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Conviva: Video Buffering Down

4 Jun, 2014 By: Chris Tribbey

It’s taking less time for online video streams to buffer, and the delivery of low-resolution content online has increased dramatically, according to a new report on 2013 video from analytics company Conviva.

However, more than two in five views were of “grossly inferior” video quality, and video start failures have risen, to one in every 20, according to the company’s Viewer Experience Report. And in the past two years, the amount of time lost from a viewing session with a 1% buffering increase grew from three to eight minutes, showing viewers are far less tolerant of video playback problems today.

The viewing time for live-action TV drops from more than 40 minutes in high-def to just one minute if the viewer encounters buffering, an important metric concerning sports, where viewers watch over two and a half times as long in high-def vs. standard-definition.

“The demand for high-quality and minimal buffering across devices has clearly been demonstrated by viewers,” said Hui Zhang, CEO and co-founder of Conviva. “Our job, and that of our industry, is to ensure we improve performance at a rate that offers satisfaction rather than frustration. Conviva’s Video Experience Report offers insight for companies to identify where they need to improve.”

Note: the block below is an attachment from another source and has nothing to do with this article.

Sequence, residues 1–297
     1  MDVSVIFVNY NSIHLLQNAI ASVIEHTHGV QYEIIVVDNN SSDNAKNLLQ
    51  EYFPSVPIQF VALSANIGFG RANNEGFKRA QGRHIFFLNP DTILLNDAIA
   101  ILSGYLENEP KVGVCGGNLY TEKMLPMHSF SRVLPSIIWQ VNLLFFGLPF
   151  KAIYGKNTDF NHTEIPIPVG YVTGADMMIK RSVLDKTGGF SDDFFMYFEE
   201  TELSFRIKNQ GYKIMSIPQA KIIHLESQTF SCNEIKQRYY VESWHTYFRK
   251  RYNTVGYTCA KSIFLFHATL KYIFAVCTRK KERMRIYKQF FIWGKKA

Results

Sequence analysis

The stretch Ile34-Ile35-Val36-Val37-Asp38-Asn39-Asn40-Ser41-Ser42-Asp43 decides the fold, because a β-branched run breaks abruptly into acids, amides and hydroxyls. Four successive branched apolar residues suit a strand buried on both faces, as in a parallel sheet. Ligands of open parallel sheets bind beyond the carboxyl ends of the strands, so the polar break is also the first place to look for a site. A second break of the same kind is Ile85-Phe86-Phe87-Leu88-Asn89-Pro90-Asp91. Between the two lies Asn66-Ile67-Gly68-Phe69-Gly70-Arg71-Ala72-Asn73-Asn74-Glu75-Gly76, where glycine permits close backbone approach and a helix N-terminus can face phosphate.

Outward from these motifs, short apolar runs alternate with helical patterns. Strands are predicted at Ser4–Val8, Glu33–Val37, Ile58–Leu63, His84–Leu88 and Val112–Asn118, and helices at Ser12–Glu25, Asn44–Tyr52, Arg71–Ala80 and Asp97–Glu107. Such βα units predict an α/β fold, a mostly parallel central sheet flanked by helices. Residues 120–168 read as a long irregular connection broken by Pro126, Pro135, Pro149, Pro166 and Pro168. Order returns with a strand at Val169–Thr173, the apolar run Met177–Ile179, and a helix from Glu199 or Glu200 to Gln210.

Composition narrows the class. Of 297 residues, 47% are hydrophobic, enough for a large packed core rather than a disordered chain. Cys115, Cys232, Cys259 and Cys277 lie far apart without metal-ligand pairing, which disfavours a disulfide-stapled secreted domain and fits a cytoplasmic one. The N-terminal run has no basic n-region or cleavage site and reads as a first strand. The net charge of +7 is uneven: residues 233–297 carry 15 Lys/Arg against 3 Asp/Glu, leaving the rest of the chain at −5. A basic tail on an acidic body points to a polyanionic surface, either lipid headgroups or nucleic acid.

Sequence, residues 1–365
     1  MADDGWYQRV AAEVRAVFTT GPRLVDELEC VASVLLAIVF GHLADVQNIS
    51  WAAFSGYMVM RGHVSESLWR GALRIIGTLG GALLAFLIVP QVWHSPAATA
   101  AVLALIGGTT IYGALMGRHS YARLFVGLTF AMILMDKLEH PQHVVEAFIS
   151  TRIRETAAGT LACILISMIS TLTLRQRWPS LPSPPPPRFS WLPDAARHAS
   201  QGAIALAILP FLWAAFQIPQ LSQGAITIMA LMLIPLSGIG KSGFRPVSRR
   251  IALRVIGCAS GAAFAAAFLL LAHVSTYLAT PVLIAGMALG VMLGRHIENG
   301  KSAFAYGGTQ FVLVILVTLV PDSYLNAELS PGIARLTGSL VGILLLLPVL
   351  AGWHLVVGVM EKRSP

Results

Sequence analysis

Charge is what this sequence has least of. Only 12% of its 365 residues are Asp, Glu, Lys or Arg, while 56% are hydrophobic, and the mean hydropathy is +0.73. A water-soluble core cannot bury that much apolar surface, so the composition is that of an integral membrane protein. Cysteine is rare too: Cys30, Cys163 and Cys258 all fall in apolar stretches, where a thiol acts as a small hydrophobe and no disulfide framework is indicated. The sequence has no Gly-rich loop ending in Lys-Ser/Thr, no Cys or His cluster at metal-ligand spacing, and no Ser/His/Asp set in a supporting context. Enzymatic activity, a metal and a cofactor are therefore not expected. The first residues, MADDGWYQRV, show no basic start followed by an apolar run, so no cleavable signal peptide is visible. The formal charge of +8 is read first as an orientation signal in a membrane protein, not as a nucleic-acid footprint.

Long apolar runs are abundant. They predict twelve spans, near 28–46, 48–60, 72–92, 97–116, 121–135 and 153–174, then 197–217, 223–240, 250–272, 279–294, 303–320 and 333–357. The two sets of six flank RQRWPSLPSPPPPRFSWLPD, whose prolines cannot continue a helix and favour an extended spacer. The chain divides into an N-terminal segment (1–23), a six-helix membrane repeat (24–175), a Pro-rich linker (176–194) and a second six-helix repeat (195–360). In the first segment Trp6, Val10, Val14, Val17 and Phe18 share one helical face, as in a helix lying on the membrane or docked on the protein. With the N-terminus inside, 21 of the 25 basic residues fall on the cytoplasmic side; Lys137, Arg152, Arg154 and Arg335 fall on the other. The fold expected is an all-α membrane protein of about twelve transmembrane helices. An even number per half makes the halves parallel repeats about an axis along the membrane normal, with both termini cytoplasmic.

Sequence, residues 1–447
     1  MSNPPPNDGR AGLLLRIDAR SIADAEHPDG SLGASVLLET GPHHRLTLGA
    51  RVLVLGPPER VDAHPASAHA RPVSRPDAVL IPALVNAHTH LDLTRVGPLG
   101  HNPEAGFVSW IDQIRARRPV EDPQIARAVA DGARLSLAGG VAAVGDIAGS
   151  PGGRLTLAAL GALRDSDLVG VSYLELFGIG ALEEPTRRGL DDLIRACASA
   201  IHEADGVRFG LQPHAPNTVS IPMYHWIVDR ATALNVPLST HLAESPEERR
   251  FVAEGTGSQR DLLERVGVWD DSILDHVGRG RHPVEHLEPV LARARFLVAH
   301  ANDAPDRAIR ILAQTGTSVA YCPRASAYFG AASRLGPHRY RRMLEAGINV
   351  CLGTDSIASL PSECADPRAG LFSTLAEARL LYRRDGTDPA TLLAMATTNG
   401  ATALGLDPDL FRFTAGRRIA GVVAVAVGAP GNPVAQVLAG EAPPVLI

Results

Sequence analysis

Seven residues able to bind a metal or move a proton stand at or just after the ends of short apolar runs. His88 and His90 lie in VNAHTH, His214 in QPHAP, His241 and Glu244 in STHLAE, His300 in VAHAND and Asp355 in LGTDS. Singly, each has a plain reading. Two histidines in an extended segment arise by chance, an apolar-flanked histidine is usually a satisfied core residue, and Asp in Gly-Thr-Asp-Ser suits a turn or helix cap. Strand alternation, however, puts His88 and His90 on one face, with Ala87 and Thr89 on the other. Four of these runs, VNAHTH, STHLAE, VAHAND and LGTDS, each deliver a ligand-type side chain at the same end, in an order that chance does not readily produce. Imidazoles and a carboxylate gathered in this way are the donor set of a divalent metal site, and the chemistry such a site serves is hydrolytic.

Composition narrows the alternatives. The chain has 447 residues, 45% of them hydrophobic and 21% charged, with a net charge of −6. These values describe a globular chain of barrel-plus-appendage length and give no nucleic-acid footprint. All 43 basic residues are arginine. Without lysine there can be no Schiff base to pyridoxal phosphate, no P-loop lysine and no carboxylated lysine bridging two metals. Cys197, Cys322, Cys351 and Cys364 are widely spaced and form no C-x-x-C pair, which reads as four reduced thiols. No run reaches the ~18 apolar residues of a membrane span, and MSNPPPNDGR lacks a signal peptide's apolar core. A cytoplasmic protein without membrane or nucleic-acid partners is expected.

The report — which examined data from 45 billion video streams worldwide — found that in 2013 video buffering for streams decreased from 39.3% to 26.9%, and low-resolution delivery improved from 63% to 43.3%.

The report also found that in streaming households the number of concurrent streaming devices increased 28% year-over-year, with the preferred device for streaming changing as the day went on (mobile was tops in the morning, the PC was No. 1 mid-day, but the TV was No. 1 at night and overall).

“Some companies are doing a great job delivering high-quality video to all screens, but many are not minimizing buffering while maintaining video quality,” said Colin Dixon, founder and chief analyst of nScreenMedia. “In those instances, one bad viewing experience on a single device puts all screens at risk. Continuity of quality across screens is very important.” 

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